See also: Elfen

Contents

EnglishEdit

EtymologyEdit

From elf +‎ -en. Compare elfin, elven.

AdjectiveEdit

elfen ‎(comparative more elfen, superlative most elfen)

  1. Belonging to, or relating to, elves.
    • 1857, Olaf Liliekrans, A Play in Three Acts:
      ALFHILD. Were I an elfen maid, then truly, say I, it would fare with you ill! / OLAF. Forsooth, then are you the elfen maid!
    • 2008, Diane Fürch, caption to Elfen Scout:
      Everyday she patrols the borders of the elfen realm to make sure that humans stay out.

Old EnglishEdit

Alternative formsEdit

EtymologyEdit

Feminine of elf, equivalent to elf +‎ -en. Cognate with Middle High German elbinne ‎(a fairy, nymph).

NounEdit

elfen f ‎(nominative plural elfena)

  1. A female elf, a fairy, nymph

Derived termsEdit

DescendantsEdit

ReferencesEdit

  • 1916, John R. Clark, "A Concise Anglo-Saxon Dictionary for the Use of Students", elfen et al.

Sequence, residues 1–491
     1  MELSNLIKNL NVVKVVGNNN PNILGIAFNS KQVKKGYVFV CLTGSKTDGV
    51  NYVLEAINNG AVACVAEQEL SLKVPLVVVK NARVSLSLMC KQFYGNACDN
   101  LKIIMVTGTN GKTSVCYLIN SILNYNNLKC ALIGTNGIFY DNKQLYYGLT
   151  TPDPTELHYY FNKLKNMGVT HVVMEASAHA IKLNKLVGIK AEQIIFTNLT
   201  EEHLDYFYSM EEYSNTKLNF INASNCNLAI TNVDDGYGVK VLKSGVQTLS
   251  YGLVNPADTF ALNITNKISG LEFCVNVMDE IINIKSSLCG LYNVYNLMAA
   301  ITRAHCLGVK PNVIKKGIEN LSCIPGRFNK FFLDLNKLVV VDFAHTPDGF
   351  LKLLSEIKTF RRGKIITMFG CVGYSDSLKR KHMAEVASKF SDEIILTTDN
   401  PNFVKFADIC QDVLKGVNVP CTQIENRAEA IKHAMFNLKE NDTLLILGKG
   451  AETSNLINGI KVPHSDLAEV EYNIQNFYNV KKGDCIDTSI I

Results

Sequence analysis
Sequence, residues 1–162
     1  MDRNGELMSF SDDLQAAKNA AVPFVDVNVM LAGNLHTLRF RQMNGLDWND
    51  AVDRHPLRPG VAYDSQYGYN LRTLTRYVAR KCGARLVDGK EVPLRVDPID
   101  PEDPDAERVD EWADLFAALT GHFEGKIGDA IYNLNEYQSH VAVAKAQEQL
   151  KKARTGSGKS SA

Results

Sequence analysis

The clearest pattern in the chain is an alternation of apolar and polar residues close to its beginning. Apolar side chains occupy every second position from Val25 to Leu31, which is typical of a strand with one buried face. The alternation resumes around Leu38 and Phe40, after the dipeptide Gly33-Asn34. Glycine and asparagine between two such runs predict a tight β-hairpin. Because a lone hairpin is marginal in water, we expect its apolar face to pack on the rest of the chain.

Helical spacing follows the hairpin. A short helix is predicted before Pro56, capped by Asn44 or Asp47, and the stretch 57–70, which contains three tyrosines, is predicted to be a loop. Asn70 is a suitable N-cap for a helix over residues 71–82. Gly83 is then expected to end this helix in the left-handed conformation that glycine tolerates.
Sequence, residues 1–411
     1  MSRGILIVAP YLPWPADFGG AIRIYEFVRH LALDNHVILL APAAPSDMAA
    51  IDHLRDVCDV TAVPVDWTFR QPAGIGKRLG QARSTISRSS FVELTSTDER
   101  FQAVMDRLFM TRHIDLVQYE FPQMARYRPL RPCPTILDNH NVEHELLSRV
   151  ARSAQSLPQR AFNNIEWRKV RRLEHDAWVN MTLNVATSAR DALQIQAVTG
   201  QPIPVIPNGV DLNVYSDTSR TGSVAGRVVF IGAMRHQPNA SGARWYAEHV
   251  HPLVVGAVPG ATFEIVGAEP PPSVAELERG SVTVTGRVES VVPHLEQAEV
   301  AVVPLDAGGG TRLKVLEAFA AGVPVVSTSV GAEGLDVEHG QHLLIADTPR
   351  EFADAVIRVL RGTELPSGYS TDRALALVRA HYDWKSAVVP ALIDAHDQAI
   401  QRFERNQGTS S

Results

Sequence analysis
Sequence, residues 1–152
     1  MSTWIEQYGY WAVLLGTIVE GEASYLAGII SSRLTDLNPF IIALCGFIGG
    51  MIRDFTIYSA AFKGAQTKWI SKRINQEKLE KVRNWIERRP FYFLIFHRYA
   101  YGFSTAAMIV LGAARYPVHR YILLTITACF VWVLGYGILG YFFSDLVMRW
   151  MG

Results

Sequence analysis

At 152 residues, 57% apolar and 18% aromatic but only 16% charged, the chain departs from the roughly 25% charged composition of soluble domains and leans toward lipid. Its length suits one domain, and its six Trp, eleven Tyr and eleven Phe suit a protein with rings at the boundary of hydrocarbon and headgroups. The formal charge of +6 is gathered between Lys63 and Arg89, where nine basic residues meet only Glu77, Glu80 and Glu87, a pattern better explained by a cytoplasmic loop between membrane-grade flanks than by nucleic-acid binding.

• Bosworth, J. (2010, March 21). An Anglo-Saxon Dictionary Online (T. N. Toller & Others, Eds.), elfen. Retrieved December 12, 2011
  • Elfen on Wikipedia.Wikipedia

WelshEdit

EtymologyEdit

This entry lacks etymological information. If you are familiar with the origin of this term, please add it to the page per etymology instructions. You can also discuss it at the Etymology Scriptorium.

Cognate with Cornish elven, Breton elfenn.

PronunciationEdit

NounEdit

elfen f (plural elfennau)

  1. element (essential part)
  2. (chemistry) element
  3. element, factor, part

Derived termsEdit

MutationEdit

Welsh mutation
radical soft nasal h-prothesis
elfen unchanged unchanged helfen
Note: Some of these forms may be hypothetical. Not every
possible mutated form of every word actually occurs.
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